Sunday, 30 July 2017

2017 BC Epic 1000: Day 4

Crawford Creek to Fernie
Daily distance: 272 km (169 mi)
Riding Time: 25 hours 33 minutes
Total distance: 1067 km (663 mi)
Standing: 2nd place

I was up at 3am hoping to get the jump on Lennard.  I knew Gray Creek pass was steep and I would be walking a lot of it so I want to start early.  As I was walking, I noticed a pain on my rear end.  I thought I would try sleeping in my bibs to save time in the morning; big mistake!  I will spare the gory details, but needless to say, my backside was quite sore for the rest of the ride.  Once I got to the face of the hill, I started walking.  It took forever and I was happy to get to the top. 

Top of Gray Creek Pass

The descent was fast and fun.  The trail followed some gravel roads, and then pavement until just before Kimberly.  I felt good until that point, but once I got into the steep single track, I started to feel really bad.  It started to get hot and I felt really run down.  My airway was closing up and I was having trouble breathing.  I was having trouble finding the track at times and had to backtrack to make sure I was on course.  This was definitely a low point.  I knew I would have to stop in Kimberly to get my airway back.  I stopped at store in Kimberly for about 45 min to force some food down and try to cough out some gunk in my lungs.  I did not feel very good at all.  After choking down some liquids and a sandwich I was off again.  I felt really sleepy so took another cat nap on the side of the trail.  I know with this type of racing that if you feel really low, eventually you will feel good.  I was waiting eagerly to feel good again and I started to feel better after Cranbrook.  The trail continued on rail grade and went into some fun wide single track after Wardner.  I got into a good place keeping my pace comfortable enough where my airway felt good.  I rode as it got dark and crossed the big bridge near Baynes Lake.  I climbed the paved hill and got to the RV campground as night really started to fall.  I found one of the hoses for the RVs had potable water so I filled up for the final push to the end.

The trail started to get a bit sketchy at this point.  I was having trouble finding out where I was and where the route went.  I kept fumbling around in the dark, up and down the gravel roads and narrow grassy paths.  The trail spat me out onto the highway leading up to Elko.  I remembered this stretch from touring it with Kristin a few years back.  That time it was 35 degrees and hot; this time it was late at night and muggy.  After Elko, and crossing the river, the trail deteriorated into a steep, rocky, hike-a-bike.  I had another airway-blocking coughing fit and had to stop to get my breathing sorted out.  The trail gradually got smoother and smoother the closer I got to Fernie.  At one point, I started to nod off and took a quick nap.   After that nap, I was determined to get to the finish.  I felt bad, and couldn’t eat or breathe well, but pushed on.  It was cold, but I didn’t even stop to put on warmer clothes.  I didn’t want to stop and just wanted to get to the finish line.  The sun rose and I pedalled as more and more civilisation appeared.  Farm houses and power lines meant I was getting closer and closer.  The gravel turned into pavement as I wheezed my way to the finish.  I was greeted by my loving family and Chip Andrus.  It was great to be done!  Kristin had a coffee for me to drink and after I was done that, I could speak a bit better.  Lennard pulled up shortly after and we talked about the race.  It was so much fun trying to catch him!  I went back to the hotel for a shower and quick nap and had breakfast with Lennard, Chip and their families.  It was great and I hope to do the race again sometime!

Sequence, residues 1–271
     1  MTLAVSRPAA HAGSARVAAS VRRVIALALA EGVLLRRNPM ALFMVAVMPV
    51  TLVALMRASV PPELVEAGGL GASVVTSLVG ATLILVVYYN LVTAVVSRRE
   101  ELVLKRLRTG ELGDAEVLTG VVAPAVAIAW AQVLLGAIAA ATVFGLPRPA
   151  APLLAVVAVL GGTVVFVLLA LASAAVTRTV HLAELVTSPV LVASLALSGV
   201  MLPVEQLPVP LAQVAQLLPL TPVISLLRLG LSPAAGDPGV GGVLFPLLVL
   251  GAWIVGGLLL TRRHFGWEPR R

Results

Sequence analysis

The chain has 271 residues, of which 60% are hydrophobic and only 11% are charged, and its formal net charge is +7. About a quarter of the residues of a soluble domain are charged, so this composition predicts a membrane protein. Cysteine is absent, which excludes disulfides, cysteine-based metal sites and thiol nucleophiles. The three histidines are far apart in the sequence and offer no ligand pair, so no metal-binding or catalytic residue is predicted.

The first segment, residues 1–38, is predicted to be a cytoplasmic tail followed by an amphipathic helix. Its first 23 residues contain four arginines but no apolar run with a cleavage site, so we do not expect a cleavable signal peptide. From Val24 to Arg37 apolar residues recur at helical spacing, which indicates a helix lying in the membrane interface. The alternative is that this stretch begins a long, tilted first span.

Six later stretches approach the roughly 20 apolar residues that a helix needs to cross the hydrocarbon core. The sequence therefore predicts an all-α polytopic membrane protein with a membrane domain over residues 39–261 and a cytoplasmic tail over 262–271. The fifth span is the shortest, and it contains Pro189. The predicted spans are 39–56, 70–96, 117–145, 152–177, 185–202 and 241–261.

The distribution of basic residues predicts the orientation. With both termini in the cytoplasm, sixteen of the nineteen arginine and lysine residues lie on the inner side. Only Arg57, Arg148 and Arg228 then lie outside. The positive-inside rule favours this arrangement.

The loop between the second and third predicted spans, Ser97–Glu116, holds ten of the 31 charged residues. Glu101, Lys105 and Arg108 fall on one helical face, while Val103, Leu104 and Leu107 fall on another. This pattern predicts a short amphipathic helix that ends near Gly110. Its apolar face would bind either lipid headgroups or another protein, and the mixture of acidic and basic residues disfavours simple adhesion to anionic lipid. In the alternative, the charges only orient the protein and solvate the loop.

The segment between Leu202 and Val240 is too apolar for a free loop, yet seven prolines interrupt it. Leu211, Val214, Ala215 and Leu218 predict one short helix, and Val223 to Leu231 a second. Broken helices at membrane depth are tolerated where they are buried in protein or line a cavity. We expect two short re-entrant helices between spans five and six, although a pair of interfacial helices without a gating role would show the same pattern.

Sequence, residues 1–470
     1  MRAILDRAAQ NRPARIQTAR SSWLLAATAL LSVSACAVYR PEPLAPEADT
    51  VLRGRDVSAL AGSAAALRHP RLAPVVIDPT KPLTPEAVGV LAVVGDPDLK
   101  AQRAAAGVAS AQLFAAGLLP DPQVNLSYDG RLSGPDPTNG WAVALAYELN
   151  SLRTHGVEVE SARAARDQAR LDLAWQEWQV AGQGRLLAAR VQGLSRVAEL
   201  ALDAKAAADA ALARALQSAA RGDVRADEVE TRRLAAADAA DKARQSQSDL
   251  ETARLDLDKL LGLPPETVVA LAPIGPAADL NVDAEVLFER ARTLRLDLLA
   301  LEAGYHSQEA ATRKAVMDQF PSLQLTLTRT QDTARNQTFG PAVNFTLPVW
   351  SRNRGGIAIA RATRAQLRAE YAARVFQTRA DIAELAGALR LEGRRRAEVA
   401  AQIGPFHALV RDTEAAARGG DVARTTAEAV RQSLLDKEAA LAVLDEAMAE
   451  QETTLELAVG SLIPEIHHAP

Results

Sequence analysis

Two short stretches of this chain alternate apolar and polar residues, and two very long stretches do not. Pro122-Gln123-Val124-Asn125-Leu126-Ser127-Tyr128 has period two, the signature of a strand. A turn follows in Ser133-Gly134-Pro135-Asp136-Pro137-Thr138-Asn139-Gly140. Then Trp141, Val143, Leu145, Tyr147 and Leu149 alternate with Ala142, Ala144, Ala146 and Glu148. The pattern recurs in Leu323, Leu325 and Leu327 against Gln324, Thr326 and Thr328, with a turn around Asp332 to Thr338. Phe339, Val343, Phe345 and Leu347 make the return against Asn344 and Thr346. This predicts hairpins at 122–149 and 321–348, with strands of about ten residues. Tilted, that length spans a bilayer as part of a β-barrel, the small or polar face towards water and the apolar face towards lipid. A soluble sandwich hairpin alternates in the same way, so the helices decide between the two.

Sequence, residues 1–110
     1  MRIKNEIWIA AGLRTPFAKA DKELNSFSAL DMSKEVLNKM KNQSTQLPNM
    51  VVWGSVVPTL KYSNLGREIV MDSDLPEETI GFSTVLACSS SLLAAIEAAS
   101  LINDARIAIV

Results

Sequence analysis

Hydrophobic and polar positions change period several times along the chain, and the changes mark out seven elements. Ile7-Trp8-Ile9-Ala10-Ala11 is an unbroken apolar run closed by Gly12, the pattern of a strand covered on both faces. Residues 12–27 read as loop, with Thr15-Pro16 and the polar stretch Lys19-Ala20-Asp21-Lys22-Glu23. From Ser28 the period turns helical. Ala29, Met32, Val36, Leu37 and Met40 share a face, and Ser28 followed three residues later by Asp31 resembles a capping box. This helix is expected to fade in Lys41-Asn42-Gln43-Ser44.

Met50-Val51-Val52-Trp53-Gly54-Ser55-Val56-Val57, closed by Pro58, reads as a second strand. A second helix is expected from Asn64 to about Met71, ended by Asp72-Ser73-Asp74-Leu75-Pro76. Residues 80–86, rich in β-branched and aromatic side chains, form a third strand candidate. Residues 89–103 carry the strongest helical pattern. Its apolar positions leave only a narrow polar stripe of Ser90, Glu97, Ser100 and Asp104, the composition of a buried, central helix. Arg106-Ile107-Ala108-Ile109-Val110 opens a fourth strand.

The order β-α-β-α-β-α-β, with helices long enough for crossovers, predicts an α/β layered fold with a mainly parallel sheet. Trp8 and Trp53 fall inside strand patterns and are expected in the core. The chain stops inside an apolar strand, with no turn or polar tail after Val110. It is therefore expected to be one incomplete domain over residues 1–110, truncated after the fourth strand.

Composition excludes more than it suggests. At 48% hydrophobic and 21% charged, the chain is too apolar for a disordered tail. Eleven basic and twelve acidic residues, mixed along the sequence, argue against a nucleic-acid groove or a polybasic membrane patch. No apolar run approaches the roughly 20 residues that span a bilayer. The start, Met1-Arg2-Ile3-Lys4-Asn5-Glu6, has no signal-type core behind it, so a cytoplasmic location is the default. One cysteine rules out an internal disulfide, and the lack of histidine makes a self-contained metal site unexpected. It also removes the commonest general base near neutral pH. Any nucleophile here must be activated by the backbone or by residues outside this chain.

All done!

Glad to talk to Lennard after chasing him for four days

My recovery took a little while.  I went to the doctor after the race and found out I had bronchitis.  He gave me a bunch of antibiotics and I slept most of the time for a few days after the race.  It took a few days to recover and I was well enough to participate in the Alberta Rockies 700 race 11 days later.

Result:  3 days 22 hours; 2nd place overall; 1st place single speed (Eastbound single speed record)


  1. Passing up all that good food in Nelson just to catch the last ferry -- that is self-control. So good to be at the finish line to hear you whisper out your story.

    1. Thanks for meeting me at the line! It meant a lot to have someone (including my family) to meet me at the end.